Dr Barnard advocates a plant-based diet and offers the evidence behind this - but also demonstrates the real power of good nutrition.

Here's a short video of Dr Barnard on the Ellen DeGeneres Show discussing Power Foods
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It shows you what an approachable guy Dr Barnard is. You'll find lots of other videos of his online - so have a search and learn more!

This is a great book. If you are beginning to notice some cognitive decline, get a copy and even if you don't do his whole program, you'll find lots of little tips for improvement.
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Neal Barnard on Diabetes

Here is the latest talk, published this month, from Neal Barnard on Type 2 Diabetes and how is it curable. Recorded at the TED Talks in Fremont.

This research has been available for some time now, yet so many are still ignoring it.  Hopefully this talk will help share the information to those who need it.  I ran a Food as Medicine group yesterday - and another tomorrow which was all on this subject.  More people need to know.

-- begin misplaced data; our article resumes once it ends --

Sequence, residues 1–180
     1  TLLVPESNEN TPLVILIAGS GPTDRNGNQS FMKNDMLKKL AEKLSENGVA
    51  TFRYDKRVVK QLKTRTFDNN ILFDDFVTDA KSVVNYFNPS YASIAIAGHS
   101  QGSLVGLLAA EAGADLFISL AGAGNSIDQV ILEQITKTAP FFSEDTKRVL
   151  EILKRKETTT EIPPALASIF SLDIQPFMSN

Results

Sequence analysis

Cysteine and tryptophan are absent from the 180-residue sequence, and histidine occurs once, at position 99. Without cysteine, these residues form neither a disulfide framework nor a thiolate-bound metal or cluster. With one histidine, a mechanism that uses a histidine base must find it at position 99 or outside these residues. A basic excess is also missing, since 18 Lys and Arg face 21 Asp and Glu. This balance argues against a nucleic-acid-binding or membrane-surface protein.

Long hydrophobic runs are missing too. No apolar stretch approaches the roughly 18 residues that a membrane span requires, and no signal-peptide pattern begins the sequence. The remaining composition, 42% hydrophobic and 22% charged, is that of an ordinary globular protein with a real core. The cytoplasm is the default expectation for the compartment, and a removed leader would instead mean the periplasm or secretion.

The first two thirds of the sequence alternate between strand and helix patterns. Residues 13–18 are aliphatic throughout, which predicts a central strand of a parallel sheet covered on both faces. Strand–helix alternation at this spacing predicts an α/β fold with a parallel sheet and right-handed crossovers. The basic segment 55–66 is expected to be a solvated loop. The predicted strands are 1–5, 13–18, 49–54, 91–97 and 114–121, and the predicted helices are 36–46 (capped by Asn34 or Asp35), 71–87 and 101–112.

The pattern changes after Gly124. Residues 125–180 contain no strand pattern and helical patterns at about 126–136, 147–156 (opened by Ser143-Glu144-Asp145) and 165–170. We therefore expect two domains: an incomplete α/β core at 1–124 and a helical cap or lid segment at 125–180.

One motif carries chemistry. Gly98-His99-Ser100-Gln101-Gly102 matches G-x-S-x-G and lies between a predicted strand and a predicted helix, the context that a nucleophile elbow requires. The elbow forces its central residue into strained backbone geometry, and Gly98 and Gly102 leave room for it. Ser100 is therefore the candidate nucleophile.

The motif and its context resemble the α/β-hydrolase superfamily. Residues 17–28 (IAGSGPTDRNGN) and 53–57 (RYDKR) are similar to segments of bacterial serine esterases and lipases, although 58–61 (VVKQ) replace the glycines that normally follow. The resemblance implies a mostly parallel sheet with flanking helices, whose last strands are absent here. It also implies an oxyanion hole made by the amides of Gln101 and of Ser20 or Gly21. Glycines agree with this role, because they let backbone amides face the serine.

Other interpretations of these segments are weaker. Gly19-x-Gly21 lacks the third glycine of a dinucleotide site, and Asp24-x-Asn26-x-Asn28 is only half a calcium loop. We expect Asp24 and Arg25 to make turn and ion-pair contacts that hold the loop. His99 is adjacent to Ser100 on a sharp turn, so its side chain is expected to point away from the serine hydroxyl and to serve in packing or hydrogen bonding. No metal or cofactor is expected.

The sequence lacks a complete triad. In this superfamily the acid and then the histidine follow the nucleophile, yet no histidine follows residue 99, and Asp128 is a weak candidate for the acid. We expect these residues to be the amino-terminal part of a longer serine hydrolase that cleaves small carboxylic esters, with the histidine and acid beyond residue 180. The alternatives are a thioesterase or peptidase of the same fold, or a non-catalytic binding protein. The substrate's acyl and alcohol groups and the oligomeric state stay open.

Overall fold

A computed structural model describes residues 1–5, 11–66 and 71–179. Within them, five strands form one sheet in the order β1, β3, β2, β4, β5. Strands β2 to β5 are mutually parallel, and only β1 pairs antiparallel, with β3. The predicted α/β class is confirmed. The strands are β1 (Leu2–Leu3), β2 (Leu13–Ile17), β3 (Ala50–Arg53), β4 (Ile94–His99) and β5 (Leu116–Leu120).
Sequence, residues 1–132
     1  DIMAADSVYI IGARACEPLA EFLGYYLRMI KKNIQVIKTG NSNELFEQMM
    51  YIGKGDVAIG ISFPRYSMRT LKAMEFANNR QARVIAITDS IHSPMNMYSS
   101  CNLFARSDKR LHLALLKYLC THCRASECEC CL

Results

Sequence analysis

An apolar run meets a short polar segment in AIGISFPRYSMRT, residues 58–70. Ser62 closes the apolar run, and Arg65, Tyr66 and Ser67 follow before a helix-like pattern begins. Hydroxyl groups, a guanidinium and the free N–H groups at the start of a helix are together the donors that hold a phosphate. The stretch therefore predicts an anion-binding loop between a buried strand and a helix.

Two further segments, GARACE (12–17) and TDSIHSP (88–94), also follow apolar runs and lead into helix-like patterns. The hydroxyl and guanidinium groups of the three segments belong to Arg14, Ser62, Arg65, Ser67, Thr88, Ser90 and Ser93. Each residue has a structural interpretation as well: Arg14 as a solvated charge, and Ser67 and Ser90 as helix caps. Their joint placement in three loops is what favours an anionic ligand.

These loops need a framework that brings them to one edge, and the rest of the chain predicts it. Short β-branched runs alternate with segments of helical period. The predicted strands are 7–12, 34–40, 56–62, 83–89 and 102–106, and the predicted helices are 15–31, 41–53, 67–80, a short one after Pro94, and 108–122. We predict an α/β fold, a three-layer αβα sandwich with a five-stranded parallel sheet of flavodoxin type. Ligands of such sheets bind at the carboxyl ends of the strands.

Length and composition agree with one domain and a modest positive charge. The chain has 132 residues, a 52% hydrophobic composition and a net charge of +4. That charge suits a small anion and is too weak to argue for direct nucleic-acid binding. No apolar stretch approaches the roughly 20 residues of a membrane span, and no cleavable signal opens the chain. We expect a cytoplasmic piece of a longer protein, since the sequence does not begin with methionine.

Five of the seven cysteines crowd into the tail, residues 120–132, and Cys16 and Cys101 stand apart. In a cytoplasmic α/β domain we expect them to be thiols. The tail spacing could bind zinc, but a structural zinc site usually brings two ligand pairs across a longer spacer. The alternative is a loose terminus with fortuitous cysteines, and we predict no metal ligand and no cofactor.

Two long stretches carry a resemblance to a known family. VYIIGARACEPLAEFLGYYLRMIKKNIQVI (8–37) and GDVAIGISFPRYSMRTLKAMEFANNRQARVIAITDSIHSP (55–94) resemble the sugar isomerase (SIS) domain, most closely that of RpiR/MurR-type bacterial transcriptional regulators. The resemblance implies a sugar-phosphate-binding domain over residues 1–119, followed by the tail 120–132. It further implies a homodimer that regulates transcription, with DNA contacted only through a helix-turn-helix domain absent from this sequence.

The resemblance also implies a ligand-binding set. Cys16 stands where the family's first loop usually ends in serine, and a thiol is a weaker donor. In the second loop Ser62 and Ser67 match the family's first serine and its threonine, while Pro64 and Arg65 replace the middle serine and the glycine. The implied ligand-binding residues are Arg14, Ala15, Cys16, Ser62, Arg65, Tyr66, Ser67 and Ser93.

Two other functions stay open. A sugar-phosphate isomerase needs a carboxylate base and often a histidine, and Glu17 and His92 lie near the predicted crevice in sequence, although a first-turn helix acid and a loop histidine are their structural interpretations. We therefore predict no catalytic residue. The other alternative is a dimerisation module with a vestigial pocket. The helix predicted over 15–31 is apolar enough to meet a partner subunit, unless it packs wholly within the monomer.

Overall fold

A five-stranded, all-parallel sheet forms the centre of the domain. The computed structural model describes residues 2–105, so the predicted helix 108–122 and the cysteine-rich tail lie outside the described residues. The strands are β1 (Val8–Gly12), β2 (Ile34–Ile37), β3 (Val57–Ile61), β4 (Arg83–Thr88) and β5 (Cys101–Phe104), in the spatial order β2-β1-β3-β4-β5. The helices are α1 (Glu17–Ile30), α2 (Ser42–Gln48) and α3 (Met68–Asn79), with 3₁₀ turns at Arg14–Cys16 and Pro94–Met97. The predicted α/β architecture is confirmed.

If you are interested, read his great book :Reversing Diabetes  and check out the Physicians Committee for Responsible Medicine website for more information.  They lead an online 21 day vegan kick start program - in many different languages.

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Rainbow of Roasted Vegetables

Look at my lovely colorful dinner! Roasted veggies.


The cool pink and white stripes are chioggia beets.  If you roast them whole, they maintain their wonderful stripes inside. If you cut them before cooking, they lose their stripes.


Along with the beets are carrots, broccolini, mushrooms, roast parsnips (can't get enough of those) and then at the front of the picture are wonderful purple potatoes!


Nearly a rainbow of food in one meal. Do you eat a rainbow a day?  See the PCRM chart below which shows the cancer-fighting and immune boosting power of different colored foods.